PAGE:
The natural compound berberine, found in plants such as barberry and golden lily of the valley, inhibits the spread of lung cancer cells in the laboratory, a new study published in the journal Pharmaceutics shows.
Berberine also reduces airway inflammation and damage to healthy lung cells exposed to chemicals in cigarette smoke.
"Berberine has shown therapeutic benefits in diabetes and cardiovascular disease. We wanted to explore its potential in suppressing lung cancer and reducing inflammation," said lead researcher Dr. Kamal Dua, senior lecturer in pharmacology at the University of Technology Sydney.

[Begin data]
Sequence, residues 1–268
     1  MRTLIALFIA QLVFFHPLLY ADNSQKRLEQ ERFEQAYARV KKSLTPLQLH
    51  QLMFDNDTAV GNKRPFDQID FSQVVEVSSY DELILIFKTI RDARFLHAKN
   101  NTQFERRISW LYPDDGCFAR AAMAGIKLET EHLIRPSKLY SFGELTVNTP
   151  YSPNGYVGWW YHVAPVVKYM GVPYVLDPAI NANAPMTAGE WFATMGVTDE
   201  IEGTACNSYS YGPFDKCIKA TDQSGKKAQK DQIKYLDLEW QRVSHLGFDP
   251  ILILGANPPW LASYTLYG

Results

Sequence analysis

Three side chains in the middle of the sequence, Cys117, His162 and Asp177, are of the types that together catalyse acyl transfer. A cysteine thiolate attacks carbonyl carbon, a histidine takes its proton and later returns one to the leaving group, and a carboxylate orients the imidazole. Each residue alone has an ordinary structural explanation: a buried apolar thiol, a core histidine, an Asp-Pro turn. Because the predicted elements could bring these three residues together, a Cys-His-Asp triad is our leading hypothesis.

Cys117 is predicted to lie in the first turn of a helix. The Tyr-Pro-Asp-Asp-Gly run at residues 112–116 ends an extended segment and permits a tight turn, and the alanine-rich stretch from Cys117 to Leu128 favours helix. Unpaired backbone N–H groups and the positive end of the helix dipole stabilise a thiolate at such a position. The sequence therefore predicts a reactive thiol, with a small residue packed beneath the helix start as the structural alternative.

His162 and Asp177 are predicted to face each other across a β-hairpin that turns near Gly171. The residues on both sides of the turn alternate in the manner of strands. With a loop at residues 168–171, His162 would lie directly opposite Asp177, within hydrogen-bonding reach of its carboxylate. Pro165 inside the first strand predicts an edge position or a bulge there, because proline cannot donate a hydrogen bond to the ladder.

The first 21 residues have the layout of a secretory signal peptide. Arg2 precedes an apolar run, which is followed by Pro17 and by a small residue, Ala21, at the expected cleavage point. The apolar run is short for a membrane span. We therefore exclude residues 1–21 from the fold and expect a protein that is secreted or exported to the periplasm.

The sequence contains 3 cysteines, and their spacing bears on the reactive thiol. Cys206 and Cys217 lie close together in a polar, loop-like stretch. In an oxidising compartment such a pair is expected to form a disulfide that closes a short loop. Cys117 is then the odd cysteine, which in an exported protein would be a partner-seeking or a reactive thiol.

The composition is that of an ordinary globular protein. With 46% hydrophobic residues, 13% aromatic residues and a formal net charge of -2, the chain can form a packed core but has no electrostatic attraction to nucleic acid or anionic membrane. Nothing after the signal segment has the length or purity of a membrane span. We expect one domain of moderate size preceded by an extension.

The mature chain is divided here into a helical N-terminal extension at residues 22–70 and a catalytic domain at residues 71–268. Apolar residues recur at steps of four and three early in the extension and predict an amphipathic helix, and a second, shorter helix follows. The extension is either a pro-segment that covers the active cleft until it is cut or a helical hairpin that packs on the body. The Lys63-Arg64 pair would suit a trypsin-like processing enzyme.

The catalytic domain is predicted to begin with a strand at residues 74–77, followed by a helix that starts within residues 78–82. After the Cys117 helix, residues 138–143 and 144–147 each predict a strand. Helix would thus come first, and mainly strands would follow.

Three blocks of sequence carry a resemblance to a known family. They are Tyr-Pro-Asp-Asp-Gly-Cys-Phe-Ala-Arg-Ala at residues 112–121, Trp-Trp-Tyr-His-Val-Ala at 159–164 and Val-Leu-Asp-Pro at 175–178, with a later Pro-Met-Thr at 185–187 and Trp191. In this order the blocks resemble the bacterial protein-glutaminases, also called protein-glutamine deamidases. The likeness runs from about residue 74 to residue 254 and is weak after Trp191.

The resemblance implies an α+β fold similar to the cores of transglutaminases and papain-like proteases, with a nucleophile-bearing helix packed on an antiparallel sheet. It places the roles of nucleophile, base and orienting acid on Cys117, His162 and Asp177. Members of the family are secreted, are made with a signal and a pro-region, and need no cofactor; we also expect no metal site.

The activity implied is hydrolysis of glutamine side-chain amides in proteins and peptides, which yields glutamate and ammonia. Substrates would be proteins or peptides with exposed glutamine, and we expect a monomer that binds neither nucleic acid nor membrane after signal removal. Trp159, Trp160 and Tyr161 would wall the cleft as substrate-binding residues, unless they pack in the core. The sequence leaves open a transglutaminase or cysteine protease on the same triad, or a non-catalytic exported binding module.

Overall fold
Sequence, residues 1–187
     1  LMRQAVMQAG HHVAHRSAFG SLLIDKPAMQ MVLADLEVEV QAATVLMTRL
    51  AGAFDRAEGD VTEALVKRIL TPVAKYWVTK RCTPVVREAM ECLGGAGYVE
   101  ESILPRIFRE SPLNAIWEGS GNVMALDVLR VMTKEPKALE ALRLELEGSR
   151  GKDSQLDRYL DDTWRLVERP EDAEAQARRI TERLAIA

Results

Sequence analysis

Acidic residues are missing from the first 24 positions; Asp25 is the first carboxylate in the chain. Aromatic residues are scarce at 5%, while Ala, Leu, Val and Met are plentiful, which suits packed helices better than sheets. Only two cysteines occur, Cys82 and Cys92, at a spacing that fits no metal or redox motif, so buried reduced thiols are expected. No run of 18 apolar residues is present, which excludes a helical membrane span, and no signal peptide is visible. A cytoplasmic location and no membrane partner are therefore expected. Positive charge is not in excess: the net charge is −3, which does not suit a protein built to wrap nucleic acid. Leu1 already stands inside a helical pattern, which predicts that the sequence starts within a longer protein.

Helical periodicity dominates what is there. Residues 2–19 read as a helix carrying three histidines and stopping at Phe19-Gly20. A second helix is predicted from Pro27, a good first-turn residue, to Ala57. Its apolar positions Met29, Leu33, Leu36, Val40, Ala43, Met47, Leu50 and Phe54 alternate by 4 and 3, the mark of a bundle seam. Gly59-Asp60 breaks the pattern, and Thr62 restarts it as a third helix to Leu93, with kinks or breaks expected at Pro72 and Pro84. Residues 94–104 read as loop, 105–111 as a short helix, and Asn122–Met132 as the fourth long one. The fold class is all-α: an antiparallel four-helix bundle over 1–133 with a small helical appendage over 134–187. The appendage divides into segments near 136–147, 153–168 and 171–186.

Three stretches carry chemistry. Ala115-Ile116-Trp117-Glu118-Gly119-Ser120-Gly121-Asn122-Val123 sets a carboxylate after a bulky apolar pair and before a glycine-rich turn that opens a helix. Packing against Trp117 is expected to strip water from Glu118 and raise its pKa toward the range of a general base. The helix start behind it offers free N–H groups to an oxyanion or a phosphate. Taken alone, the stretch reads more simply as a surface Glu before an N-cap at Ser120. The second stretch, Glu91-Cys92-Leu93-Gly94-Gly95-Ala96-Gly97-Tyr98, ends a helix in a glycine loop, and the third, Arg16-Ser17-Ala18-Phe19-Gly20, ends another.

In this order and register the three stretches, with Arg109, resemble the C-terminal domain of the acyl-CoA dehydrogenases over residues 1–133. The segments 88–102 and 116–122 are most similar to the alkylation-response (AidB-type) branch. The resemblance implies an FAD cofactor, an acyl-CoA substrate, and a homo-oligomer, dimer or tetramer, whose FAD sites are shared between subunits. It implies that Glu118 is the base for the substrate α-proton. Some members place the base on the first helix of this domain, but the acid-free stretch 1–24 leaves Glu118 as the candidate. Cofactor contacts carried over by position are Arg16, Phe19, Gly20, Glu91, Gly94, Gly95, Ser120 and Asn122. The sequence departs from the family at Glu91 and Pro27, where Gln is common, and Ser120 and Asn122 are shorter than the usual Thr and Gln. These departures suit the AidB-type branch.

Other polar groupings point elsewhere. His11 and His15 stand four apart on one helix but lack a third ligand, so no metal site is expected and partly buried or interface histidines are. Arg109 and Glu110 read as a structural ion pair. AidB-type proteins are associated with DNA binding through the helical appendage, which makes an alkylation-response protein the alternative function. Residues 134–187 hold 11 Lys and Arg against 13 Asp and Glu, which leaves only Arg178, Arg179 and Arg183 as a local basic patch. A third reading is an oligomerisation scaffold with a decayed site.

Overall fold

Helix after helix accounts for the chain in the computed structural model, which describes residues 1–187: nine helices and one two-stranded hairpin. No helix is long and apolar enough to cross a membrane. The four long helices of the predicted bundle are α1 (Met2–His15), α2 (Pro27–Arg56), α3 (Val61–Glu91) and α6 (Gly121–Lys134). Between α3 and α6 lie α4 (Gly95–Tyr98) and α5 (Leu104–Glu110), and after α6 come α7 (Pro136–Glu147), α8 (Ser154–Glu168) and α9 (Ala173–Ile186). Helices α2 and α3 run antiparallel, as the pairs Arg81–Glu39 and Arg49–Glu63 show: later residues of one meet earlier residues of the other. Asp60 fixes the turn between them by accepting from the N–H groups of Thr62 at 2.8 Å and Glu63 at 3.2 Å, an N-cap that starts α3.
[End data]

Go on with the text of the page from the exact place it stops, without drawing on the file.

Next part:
Scientists have found that berberine exhibits powerful anti-cancer activity by inhibiting the growth of cancer cells.
Berberine has long been used in traditional Chinese and Ayurvedic medicine, but its therapeutic benefits have been limited by poor water solubility and intestinal absorption, and toxicity at high doses.
To overcome these problems, Dr. Dua developed the use of liquid crystal nanoparticles, an advanced drug delivery system that encapsulates berberine in tiny soluble and biodegradable polymer beads to improve safety and efficacy.
Decades of research have shown that cigarette smoke is toxic to lung cells, causing airway inflammation and accelerating the development of diseases such as cancer, chronic obstructive pulmonary disease and asthma.
Researchers have found that berberine suppresses the formation of inflammatory chemicals called reactive oxygen species that cause damaging effects on cells. It also modulated genes involved in inflammation, oxidative stress, and reduced premature cell aging.